Where it all [or, at least most of it] began……Athens – Part Two

The second day brought more heat and more history.  We spent most of the day at Athens’ main archeological and historical site, the Acropolis, and then spent the night looking at it from nearby Mars and Philopappos Hills.  The Acropolis is located on a flat-topped rock that rises 150 m (490 ft) above the city of Athens.  The complex atop the hill contains the remains of several important ancient buildings, the most famous being the Parthenon.  The Parthenon was constructed in 447 BC and since 1983, the structure has been under heavy restoration.  Nowadays, we are incredibly luckily to even get to view the ancient temples on their original sites, as the Acropolis has been set fire to, bombed, looted, and defaced over thousands of years. 

There are several roads to the top of the Acropolis.  The first (and the “road less traveled”) avenue leads up through the beautiful neighborhood of Anafiotika.

On the way up to the Acropolis

Road to the Acropolis – Anafiotika area, Athens

We saw this little one on the way up

Old olive cans as planters – genius!

From this road, there are great views of some of the archeological sites below the Acropolis, one of them being the Temple of Hephaestus.

Temple of Hephaestus

Once you reach the top, there is a small area called Mars Hill that people climb to take photos of the Acropolis and it is also a popular spot to return for sunset.  We climbed it during the day, but decided to head to another (less populated) spot later that night.

View of Acropolis from Mars Hill

View of the Acropolis from Mars Hill

Skyline from Mars Hill

At night, we climbed Philopappos Hill and stumbled upon a graduation ceremony in an ancient amphitheater.  After watching for a bit, we moved on to another spot on the hill for a better view.

View from the amphitheater with the Acropolis in the background

View of the Acropolis and Athens from Philopappos Hill

Close up – under restoration

Acropolis by night

Parthenon by night

Our actual Acropolis visit was rather short lived, as it was about 88 degrees on top of a scalding rock with thousands of people.  Sounds like a recipe for lots-o-fun, huh?  At the base of the Acropolis, there are two amphitheaters.  The first one (the smaller of the two) is actually undergoing restoration work as we speak.  We saw several archeologists with their brushes, chisels, etc. working on uncovering and preserving the site.  The second, is much larger (and newer of the two).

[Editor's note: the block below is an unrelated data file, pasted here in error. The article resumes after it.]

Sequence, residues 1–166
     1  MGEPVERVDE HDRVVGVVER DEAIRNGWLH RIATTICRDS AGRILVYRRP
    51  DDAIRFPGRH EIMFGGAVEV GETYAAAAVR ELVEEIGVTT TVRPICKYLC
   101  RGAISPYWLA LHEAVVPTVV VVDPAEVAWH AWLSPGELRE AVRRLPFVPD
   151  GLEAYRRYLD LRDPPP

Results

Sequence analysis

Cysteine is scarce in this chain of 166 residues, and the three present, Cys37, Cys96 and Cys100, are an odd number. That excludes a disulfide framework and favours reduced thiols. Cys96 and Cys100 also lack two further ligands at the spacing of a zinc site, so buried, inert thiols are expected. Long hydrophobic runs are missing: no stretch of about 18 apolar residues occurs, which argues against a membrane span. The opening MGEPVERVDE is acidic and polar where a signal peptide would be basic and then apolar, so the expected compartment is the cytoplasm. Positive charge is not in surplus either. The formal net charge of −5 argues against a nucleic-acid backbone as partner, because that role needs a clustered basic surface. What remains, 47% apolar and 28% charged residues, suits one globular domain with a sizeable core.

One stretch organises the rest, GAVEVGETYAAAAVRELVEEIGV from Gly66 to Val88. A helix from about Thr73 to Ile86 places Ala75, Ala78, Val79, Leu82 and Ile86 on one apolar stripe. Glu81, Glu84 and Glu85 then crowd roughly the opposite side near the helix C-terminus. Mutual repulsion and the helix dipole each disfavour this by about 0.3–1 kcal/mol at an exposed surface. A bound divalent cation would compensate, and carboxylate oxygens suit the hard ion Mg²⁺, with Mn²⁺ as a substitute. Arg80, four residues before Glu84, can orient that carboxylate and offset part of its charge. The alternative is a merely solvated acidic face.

Small amphitheater

Inscriptions in the small amphitheater’s seats

Large amphitheater

Panoramic of amphitheater, Philopappos Hill, and the sea from the Acropolis

Athens skyline from the top of the Acropolis

The entry “gates” to the Acropolis are named the Propylaea.  The structure has two wings, and the northern one served as an ancient picture gallery.

Entrance into the Acropolis – the Propylaea

The Parthenon is considered the culmination of ancient Greek architecture.  Dedicated to the goddess Athena, the building is a symbol of the city of Athens and is considered one of the greatest world masterpieces.

Parthenon under restoration

Back side of the Parthenon

Another temple atop the Acropolis, the Erechtheion, was built from 421-405BC.  When we first landed in the Acropolis, we looked at a bunch of postcards in the tourist shops.  However, we never buy any.  Generally, we just look at what sites are depicted on the cards and it’s a good starting point for site-seeing.  From the beginning, Bobby just wanted to see the “building with the lady statues”.  Well, turns out, the Erechtheion was the place.  The “ladies” are called caryatids and interestingly enough, the “real ladies” are in the Acropolis’ new museum at the base of the monument.  (Side note: the Acropolis Museum opened just 3 years ago and is pretty darn impressive.  If you haven’t gone, go!)  The caryatids that remain outdoors are cast replicas.  The caryatids are engineered in such a way that their slenderest part, the neck, is capable of supporting the weight of the porch roof while the rest of their bodies remain graceful and feminine.

Erechtheion

Erechtheion vaulted ceiling on lower porch

Detail of the Erechtheum

Caryatid Statues on the Erechtheion

Caryatids

Comments

  1. David Mortensen says:

    Rosemarie and I will be going to Greece in a couple of weeks, so it is great to see your pics and read about your experience. We will spend a couple of days in Athens then head to Delphi and Galaxidi. In Galaxidi will meet a friend and board his small sail boat for a week. We will sail in the gulf of Corinth, go through the Corinth canal and end up on the island of Paros. All the best.

    Dave

    • TheFlammias says:

      That sounds like an absolutely amazing trip! This was our first trip to Greece and we are hoping to return and see more of the islands. I hope you and Rosemarie and doing well. We miss you all and PLEASE let us know if you are coming our way anytime soon!

Trackbacks

  1. […] visited this next place in June!  (The real thing is here). Parthenon – Athens, […]